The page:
Life is for living: the risk of not paying staff a wage to live on
01 October 2014
In recent years although morality has become part of the tax debate, poverty has largely been sidelined from the reward agenda. While "doing the right thing" is very much a part of my DNA, I'm not able to get into the finer details of it to any great extent - I tend to leave this to my wife. As a reward professional, I help clients to reward and incentivise their people in a compliant manner whereas my wife, being what the insurance website calls a “minister of religion”, helps people to live their own lives in a rewarding and possibly compliant manner. It’s rare that our working worlds ever come together.
Helping the less fortunate is a cause we both agree on, but it’s largely been something I had, until recently, restricted to my spare time. One of these areas of focus has been the "Living Wage". My wife and I know that our own employers pay at least the £8.80 London Living Wage (LLW), £2.30 per hour above the current National Minimum Wage (NMW) which rises to £6.50 today. But we also know that not all employers do this, in fact some don't even pay the NMW. As the Mayor of London, Boris Johnson says, “Paying the London Living Wage is not only morally right, but makes good business sense too."
With the maximum penalty per employee having risen from £5,000 to £20,000 in May this year, along with the potential cost of reimbursement of underpayments and the knock on reputational risk, this is increasingly on the Reward Manager and HRD’s agenda as there is a pressing need for employers to make sure that they're compliant. Previously employers may have chosen to take the risk in the knowledge there were only a handful of officers nationally relying on either employee whistleblowing and other sector specific reviews. But now HMRC are working more collaboratively and using the wealth of information from Real Time Information reporting (RTI) to step up their focus on employers across the UK.
HMRC recently published some of the worst excuses they were given by NMW offenders, coinciding with the NMW’s 15th anniversary, which included an employer forgetting the name of his wife or even how many employees he had. It was a rather light-hearted approach to a serious issue. Can it ever be moral to exploit employees in relation to something that affects them so deeply?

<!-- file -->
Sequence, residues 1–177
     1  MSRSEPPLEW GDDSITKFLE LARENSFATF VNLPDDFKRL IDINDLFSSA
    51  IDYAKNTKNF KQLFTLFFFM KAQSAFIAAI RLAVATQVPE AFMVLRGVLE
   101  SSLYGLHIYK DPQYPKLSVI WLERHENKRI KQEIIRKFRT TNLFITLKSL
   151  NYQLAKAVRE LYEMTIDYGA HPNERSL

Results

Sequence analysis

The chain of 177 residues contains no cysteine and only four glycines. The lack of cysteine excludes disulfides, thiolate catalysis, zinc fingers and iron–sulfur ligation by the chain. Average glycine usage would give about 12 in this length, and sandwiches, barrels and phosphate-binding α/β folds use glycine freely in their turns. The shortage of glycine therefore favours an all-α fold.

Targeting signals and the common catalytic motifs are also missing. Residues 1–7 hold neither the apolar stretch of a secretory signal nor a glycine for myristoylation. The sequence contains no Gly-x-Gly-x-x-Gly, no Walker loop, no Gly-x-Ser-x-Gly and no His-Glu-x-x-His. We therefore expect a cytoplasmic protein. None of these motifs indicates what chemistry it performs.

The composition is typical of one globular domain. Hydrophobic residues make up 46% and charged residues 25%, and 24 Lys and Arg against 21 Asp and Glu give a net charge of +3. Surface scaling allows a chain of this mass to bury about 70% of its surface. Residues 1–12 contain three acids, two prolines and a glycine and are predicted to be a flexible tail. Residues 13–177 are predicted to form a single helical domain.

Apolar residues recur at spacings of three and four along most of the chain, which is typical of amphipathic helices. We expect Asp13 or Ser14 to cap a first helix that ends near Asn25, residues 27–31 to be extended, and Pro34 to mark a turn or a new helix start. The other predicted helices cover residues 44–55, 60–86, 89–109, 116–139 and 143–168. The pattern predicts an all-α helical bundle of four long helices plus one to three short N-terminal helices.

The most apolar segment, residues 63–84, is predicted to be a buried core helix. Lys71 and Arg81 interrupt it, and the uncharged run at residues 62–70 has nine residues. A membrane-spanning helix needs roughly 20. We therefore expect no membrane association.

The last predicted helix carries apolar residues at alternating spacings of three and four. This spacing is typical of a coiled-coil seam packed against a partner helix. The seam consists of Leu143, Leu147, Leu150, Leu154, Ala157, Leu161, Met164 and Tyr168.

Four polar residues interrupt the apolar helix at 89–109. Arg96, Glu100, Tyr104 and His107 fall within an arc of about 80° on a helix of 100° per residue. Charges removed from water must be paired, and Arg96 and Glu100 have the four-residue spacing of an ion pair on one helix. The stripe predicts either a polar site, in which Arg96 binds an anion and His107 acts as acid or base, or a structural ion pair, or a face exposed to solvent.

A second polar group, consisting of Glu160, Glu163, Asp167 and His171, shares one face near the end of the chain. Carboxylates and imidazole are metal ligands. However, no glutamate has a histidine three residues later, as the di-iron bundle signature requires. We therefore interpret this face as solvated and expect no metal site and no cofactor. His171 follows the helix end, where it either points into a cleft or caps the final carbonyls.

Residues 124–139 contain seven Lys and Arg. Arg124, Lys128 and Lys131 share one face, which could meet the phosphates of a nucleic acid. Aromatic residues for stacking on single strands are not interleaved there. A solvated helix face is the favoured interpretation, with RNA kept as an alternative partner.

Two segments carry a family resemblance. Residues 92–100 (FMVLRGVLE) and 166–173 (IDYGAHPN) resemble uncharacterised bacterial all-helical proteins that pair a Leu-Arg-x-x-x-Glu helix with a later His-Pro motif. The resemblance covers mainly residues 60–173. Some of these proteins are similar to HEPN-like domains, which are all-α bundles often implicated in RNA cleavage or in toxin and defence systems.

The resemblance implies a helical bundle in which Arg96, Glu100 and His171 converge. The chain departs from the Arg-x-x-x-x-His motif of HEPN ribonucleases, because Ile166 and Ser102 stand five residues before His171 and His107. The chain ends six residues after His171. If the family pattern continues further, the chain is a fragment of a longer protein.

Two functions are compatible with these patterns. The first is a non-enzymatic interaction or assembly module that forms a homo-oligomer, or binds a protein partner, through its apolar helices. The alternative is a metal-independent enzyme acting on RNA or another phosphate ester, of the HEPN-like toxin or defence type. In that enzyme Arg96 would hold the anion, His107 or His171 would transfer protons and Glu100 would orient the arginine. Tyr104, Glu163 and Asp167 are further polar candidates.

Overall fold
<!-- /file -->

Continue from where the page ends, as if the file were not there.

And there's increasing social pressure on companies and events in the public eye to make sure they pay at least at the Living Wage. The 2012 Olympic Games were the first Games to pay all directly employed staff at the Olympic Park at this level, swiftly followed by the recent Invictus Games for injured service personnel. It's also a point of focus on the political agenda too, with calls at the recent 2014 Labour Party conference to increase the NMW to £8 per hour.
It's not always the case that businesses are intentionally paying below the NMW. Some aren't fully aware of what counts as pay, have an inconsistent pay structure, irregular working practices or haven't kept up with changing legislation. A technical rather than intentional breach can easily happen, particularly where paying employees near to the NMW threshold. So it's important that this area of risk is carefully reviewed so employers don't inadvertently fall foul of the law.
Of course, in my mind, I'd rather the HR agenda appreciated both the value of employees’ contribution as well as the reality of the cost of living in the UK, particularly where supporting a family, by paying the Living Wage.
From a legal compliance perspective, why not take the time to make sure you're not in breach and then go one step further and see if you can do the right thing?
At PwC, we support clients with all aspect of employment tax compliance and employee reward including National Minimum Wage reviews. PwC is a Living Wage accredited employer and we're happy to share our experiences of the process, calculation and experience of becoming a Living Wage employer. If you'd like to share your views, feel free to comment in the box below or get in touch.
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